Next time you go hunting for a famous hidden cave, make sure to turn on the ‘Find My Friends’ app. One lucky climber from the U.K. just found out it can totally save your life. Mountain rescuers workers came to the ill-prepared hiker’s aid after he was injured during his pursuit of the famous Priest Hole cave at the UK’s Lake District National Park. The hike fell over 60 feet and suffered a serious head injury, but was eventually located using Apple’s app.
How does Apple defy the law of large numbers as the company posts ever-increasing iPhone sales? That’s one of the first questions Apple CEO Tim Cook was asked at today’s Goldman Sachs technology conference. While Apple posted a record 74.5 million iPhone sales last quarter, Cook says he sees no reason why that number can’t keep growing. “We don’t believe in laws like the law of large numbers,” said Cook. “Steve ingrained in us that putting limits on your thinking are never good.
Apple acquired Beats a few years after co-founder Steve Jobs’ death, but a rare photo has surfaced showing the former Apple CEO rocking a pair of ugly Beats headphones. Jobs had some familiarity with the Beats brand before Apple eventually bought it. As part of the new HBO documentary, “The Defiant Ones”, Beats co-founder Jimmy Iovine says he insisted all his friends test out the new headphones his company was developing.
Muck Rack makes it simple to find people, tweets, or articles that mention any name, keyword, company, hashtag etc. We've compiled this guide to help you make the most of your search.
Selecting a term
Start searching tweets, articles from media outlets, articles mentioned in tweets, journalists'
names, titles and bios with some suggested searches:
Companies or Topics (e.g. iPhone, Microsoft)
Phrases (e.g. "cloud computing") — use quotes to keep the terms together
Twitter handles (e.g. @username) — returns those who have mentioned or replied to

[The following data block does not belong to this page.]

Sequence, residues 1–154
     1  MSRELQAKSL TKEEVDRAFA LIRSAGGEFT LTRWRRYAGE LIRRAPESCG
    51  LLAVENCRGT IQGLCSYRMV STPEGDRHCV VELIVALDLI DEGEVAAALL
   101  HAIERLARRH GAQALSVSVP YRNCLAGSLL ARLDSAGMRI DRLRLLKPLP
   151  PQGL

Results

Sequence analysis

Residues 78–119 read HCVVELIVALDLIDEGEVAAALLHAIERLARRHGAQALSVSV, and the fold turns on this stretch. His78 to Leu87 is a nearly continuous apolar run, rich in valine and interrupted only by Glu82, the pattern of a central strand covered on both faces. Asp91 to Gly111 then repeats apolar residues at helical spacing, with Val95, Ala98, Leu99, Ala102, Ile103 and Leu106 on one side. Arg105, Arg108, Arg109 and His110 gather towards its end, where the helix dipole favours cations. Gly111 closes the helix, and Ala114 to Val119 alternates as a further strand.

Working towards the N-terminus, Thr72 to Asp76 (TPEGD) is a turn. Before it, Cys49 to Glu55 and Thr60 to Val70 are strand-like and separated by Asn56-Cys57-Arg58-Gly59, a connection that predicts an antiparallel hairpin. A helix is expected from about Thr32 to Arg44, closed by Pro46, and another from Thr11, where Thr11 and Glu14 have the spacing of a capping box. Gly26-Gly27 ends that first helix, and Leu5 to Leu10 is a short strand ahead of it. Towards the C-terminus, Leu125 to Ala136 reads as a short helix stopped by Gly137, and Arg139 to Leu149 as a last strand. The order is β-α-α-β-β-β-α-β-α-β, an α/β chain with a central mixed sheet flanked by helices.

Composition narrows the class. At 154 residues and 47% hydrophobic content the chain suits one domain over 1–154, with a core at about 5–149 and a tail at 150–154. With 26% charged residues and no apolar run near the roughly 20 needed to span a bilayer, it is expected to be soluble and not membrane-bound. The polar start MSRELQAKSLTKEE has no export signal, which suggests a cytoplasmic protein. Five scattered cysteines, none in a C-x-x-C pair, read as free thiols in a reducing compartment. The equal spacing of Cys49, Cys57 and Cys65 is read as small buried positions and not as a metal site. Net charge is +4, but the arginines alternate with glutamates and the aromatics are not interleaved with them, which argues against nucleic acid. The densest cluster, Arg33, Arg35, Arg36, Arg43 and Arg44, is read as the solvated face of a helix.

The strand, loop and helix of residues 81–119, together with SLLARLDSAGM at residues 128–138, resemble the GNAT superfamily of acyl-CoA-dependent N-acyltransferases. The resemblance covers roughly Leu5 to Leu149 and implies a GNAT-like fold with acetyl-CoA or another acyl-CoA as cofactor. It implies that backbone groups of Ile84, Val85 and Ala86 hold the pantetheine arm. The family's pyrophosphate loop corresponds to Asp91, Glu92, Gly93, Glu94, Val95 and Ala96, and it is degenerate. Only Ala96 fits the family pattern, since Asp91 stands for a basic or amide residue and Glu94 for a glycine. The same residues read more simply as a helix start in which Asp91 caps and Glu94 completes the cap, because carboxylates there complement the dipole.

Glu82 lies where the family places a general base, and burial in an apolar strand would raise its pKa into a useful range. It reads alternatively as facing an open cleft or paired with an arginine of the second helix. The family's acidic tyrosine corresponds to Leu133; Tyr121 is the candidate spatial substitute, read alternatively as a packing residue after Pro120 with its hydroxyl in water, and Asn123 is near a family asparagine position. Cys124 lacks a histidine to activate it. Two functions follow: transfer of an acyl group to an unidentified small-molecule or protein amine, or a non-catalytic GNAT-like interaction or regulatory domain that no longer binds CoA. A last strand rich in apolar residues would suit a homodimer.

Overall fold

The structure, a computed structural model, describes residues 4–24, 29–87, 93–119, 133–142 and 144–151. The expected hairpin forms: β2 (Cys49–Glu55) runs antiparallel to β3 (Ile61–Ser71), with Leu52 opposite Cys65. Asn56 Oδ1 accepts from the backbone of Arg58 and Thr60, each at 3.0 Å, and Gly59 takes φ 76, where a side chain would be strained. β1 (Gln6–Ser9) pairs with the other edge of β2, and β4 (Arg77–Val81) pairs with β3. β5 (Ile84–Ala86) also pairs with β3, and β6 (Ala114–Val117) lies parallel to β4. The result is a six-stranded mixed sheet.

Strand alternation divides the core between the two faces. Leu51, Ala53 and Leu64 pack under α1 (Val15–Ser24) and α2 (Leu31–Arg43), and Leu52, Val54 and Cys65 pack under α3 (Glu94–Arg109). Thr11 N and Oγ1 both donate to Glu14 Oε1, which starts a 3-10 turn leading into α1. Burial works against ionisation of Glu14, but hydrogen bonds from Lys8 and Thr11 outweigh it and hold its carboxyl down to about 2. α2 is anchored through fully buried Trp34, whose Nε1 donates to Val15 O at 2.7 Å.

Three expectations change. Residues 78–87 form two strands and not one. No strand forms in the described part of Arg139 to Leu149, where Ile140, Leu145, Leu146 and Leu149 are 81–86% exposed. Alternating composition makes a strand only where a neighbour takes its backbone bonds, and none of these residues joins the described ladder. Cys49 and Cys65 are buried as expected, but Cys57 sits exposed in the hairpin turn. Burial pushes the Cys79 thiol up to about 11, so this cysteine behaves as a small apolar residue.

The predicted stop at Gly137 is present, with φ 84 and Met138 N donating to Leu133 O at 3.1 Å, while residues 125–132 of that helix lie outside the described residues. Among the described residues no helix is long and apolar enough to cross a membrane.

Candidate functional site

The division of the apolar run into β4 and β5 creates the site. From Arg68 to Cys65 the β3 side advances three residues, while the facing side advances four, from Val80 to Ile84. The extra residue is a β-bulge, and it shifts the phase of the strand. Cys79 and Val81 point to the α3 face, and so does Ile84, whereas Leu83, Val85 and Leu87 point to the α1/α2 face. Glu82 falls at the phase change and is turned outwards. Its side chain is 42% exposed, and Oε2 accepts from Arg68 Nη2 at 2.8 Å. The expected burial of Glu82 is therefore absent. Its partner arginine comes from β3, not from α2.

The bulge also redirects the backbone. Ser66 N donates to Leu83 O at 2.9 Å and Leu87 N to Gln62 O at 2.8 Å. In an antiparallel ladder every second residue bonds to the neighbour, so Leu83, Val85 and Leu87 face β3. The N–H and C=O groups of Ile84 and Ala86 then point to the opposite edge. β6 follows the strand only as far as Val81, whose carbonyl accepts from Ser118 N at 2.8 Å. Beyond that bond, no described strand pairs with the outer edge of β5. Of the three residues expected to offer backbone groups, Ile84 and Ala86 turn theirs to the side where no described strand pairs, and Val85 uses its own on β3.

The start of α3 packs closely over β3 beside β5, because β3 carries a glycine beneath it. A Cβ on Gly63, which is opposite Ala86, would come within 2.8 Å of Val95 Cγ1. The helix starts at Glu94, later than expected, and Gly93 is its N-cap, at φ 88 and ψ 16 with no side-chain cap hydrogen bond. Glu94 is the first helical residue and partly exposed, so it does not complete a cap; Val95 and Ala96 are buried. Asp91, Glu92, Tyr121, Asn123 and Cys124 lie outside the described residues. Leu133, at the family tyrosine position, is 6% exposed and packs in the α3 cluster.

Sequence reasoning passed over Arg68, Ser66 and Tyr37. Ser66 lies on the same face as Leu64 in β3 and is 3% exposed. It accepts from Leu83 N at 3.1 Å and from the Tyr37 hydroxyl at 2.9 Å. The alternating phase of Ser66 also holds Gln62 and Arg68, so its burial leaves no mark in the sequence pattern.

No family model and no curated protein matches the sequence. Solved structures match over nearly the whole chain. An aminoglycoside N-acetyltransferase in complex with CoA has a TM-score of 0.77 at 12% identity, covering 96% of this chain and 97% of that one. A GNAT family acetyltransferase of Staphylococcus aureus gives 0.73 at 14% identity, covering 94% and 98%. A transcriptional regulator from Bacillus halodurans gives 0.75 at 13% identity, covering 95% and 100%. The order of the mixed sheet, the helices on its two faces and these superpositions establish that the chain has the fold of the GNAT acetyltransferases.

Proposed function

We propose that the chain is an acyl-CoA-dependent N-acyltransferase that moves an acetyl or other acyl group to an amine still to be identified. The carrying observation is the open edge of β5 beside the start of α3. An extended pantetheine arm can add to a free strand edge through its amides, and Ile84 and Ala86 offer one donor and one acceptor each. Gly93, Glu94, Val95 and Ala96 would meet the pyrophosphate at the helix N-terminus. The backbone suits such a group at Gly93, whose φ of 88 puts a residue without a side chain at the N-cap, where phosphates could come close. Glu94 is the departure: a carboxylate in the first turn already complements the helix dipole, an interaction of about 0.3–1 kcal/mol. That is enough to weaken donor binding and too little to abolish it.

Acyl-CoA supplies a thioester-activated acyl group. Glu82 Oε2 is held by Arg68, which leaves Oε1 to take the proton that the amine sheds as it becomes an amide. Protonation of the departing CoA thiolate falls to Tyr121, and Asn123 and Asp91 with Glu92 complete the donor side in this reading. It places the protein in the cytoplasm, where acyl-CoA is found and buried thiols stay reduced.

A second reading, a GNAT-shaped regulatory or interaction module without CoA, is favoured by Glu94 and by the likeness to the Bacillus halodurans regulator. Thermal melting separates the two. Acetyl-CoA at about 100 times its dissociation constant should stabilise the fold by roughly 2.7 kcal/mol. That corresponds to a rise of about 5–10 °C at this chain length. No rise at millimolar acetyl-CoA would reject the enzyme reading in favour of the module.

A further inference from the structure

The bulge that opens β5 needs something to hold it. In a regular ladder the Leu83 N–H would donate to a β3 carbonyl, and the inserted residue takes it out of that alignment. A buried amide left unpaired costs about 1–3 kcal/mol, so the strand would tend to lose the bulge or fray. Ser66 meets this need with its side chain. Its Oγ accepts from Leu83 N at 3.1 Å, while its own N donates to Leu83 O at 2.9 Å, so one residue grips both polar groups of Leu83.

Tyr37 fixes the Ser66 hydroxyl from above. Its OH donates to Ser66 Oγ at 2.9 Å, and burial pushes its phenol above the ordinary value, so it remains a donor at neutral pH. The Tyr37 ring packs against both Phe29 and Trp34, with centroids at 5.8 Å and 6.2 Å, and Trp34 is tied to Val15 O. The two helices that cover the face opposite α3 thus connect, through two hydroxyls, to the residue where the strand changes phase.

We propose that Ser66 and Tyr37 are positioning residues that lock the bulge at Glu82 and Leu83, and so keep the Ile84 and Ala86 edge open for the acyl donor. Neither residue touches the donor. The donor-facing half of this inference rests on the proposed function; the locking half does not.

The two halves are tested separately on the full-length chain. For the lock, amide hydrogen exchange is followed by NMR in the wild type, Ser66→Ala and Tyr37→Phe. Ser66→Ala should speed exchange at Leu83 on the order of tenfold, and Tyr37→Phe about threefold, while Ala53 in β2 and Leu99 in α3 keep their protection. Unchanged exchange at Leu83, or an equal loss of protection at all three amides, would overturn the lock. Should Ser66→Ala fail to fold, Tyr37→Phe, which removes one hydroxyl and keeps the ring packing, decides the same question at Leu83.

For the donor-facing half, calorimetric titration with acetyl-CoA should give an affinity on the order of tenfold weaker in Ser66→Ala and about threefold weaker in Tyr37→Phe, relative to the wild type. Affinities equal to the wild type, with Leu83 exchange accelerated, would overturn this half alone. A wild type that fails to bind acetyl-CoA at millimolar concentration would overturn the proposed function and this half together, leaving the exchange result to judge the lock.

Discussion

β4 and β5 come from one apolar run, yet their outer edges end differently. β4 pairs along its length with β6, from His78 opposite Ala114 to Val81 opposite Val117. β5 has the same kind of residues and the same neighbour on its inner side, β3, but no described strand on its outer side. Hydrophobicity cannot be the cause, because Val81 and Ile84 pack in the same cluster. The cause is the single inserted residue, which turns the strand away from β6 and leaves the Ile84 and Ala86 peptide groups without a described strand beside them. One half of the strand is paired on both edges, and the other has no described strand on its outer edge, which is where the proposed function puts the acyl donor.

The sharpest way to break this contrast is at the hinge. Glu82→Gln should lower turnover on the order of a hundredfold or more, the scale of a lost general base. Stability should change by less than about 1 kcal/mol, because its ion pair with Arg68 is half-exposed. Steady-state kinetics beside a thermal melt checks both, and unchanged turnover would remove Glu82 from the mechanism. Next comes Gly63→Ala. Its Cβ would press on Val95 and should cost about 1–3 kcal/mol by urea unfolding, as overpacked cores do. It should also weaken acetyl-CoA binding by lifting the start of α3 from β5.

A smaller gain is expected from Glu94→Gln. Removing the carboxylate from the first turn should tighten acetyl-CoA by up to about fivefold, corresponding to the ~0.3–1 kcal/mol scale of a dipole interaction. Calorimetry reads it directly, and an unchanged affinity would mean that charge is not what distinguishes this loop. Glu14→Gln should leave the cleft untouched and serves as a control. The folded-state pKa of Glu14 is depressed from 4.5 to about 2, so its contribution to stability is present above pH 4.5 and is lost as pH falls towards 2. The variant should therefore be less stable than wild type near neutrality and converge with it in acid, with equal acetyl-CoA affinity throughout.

Names (e.g. "David Pogue")
Hashtags (e.g. #sxsw, #london2012)
Bio details (e.g. vegan, Olympics, father)
Muck Rack's Advanced Search allows for many boolean operators.
Find results that mention multiple specified terms, use AND or
+. For example, ensure each result contains both Elon Musk and Mark Zuckerberg by
searching Obama AND Romney or Obama + Romney.
Use the operators OR or , to broaden your search when you'd like either of
multiple terms to appear in results. (This is the default behavior of our search when no operators
are used.) For example, search for democrat OR republican to find results that refer to
Democrats and/or Republicans.
Use NOT or - to subtract results from your search. For
example, searching Disney will yield results about the Walt Disney Company as well as Walt Disney
World Resort. To exclude mentions of Disney World, search for Disney -World or Disney
When using one of these operators with a phrase, enclose it in quotation marks. For example, you can
find results about smartphones excluding Apple's iPhone 4S by searching smartphone -"iPhone
Exact case matching or punctuation
If you're searching for a brand name or keyword that relies on specific punctuation marks or capitalization, you can
find results that match your exact query by adding matchcase: before the keyword you're searching for, like matchcase:E*TRADE .
Use parentheses to separate multiple
boolean phrases. For example, to find journalists talking about having fun in Disney World or
Disneyland, search for ("disney world" OR disneyland) AND fun.
An asterisk can be used to search for any variation of a root word truncated by the asterisk. For example, searching for admin* will return results for administrator, administration, administer, administered, etc.
A near operator is an AND operator where you can control the distance between the words. You can vary the distance the near operation uses by adding a forward slash and number (between 0-99) such as strawberries NEAR/10 "whipped cream", which means the strawberries must exist within 10 words of "whipped cream".